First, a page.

JOURNAL ARTICLE

Effect of revascularization on mortality associated with an elevated white blood cell count in acute coronary syndromes

Deepak L Bhatt, Derek P Chew, A Michael Lincoff, Maarten L Simoons, Robert A Harrington, Steve R Ommen, Gang Jia, Eric J Topol et al.
American Journal of Cardiology 2003 July 15, 92 (2): 136-40
12860213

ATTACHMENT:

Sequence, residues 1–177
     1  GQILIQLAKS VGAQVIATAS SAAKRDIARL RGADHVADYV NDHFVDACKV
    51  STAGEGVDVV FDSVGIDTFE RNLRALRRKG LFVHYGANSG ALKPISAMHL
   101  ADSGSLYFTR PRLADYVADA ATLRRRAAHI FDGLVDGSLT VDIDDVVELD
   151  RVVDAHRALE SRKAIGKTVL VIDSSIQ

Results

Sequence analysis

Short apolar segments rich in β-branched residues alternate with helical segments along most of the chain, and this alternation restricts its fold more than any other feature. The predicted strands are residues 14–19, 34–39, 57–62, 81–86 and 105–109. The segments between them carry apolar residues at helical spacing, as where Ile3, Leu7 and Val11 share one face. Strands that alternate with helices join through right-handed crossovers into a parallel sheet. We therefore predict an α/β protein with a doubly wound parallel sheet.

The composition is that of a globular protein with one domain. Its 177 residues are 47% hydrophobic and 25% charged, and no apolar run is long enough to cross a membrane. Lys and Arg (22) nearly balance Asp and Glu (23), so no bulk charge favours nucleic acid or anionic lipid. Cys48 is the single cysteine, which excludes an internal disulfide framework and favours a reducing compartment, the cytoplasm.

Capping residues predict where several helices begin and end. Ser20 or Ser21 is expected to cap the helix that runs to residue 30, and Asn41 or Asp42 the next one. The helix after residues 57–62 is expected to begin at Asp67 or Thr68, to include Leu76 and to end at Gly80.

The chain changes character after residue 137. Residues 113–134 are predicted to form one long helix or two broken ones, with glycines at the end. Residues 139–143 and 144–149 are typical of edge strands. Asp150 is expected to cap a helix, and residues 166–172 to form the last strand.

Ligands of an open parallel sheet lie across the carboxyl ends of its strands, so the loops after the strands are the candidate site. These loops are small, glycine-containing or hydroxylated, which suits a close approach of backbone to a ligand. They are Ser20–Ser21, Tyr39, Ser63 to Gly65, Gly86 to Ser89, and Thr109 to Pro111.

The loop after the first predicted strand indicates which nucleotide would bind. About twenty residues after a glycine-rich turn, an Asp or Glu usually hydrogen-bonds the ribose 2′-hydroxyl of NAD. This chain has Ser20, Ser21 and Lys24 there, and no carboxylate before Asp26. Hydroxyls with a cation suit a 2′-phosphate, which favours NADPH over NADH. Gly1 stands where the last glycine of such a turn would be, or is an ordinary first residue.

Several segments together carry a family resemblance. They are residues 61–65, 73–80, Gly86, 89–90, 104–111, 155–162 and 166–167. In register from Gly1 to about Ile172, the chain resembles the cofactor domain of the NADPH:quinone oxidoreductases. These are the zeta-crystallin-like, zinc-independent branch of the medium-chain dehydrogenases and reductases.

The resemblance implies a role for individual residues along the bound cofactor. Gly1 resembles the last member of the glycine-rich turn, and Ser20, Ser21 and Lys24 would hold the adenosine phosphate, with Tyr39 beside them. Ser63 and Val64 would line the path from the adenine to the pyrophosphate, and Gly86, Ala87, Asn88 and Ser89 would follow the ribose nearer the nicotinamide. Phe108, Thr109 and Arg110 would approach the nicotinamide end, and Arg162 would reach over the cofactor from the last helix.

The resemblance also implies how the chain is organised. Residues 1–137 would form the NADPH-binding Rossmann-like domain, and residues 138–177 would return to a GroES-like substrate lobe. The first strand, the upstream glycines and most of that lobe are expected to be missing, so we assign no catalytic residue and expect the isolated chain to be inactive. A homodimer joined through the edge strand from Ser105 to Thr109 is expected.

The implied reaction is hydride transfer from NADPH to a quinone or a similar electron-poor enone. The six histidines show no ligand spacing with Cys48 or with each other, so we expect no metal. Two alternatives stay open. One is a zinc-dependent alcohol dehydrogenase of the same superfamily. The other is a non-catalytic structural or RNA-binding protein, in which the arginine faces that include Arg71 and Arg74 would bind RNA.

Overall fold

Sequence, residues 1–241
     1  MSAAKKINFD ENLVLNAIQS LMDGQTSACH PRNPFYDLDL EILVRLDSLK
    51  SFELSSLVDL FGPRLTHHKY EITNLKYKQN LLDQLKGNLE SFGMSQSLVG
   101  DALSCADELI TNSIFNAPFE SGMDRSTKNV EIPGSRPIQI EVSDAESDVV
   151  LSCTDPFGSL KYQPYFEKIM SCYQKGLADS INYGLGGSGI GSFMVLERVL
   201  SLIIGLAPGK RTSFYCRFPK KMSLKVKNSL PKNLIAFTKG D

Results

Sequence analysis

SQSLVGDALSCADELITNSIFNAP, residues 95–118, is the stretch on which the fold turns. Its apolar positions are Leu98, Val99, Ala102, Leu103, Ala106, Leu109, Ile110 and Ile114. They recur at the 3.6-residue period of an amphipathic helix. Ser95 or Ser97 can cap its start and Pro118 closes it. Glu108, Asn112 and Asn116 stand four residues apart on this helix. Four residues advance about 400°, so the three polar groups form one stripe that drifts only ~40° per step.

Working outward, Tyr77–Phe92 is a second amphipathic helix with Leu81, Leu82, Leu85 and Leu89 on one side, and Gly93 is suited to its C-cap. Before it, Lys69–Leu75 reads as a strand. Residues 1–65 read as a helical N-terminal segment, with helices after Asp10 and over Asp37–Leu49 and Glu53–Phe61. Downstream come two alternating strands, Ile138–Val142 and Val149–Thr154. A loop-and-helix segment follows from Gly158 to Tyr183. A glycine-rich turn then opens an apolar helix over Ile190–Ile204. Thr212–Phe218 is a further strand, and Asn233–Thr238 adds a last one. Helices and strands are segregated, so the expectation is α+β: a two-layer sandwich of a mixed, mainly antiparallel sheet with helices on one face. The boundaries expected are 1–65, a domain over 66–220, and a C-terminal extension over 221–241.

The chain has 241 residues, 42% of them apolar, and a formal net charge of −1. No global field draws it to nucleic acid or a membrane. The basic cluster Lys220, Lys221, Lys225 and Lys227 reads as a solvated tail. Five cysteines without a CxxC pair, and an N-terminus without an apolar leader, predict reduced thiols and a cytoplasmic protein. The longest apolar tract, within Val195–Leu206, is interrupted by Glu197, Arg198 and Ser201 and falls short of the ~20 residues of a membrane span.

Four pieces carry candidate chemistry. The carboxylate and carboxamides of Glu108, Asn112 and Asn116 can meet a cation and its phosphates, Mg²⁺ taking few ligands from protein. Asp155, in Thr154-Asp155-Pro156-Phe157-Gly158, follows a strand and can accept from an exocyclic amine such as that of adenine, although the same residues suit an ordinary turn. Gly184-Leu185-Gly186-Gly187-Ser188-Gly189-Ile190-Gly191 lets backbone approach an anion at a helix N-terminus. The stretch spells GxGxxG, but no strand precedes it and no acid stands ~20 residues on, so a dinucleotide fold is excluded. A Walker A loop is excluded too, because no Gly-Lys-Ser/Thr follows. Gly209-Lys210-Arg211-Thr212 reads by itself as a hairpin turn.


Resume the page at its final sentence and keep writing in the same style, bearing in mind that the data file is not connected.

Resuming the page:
Inflammation is increasingly recognized as having an important role in patients with acute coronary syndromes. We sought to determine whether an elevated white blood cell (WBC) count would predict subsequent mortality and whether revascularization would have a protective effect. We analyzed data from 10,480 patients with acute coronary syndromes enrolled in the PURSUIT trial who had a WBC count measured on admission. WBC count values were stratified by quartiles, and death rates at 6 months were examined in univariate and multivariate analyses. Propensity analysis was performed to assess the effect of revascularization on the relation between WBC count and mortality. In the lowest quartile of WBC count, mortality was 4.0%; it was 5.8% in the second quartile, 6.7% in the third quartile, and 8.0% in the fourth quartile (p <0.001). In a multivariable model incorporating baseline demographic and clinical variables, an increasing WBC count was a significant predictor of death, with a hazard ratio of 1.07 per 1,000/microl increment in WBC count (p <0.001). Furthermore, the interaction term between mortality due to an elevated WBC count and benefit of in-hospital revascularization was significant (hazard ratio 0.94, p = 0.032), suggesting that the excess risk due to an elevated WBC count was attenuated by revascularization. An elevated WBC count at hospital admission, although only a crude index of inflammation, nevertheless is an independent predictor of death at 6 months in patients with acute coronary syndromes. This finding supports a pivotal role for inflammation in acute coronary syndromes. Importantly, this study suggests that in-hospital revascularization may mitigate some of the excess risk due to inflammation.

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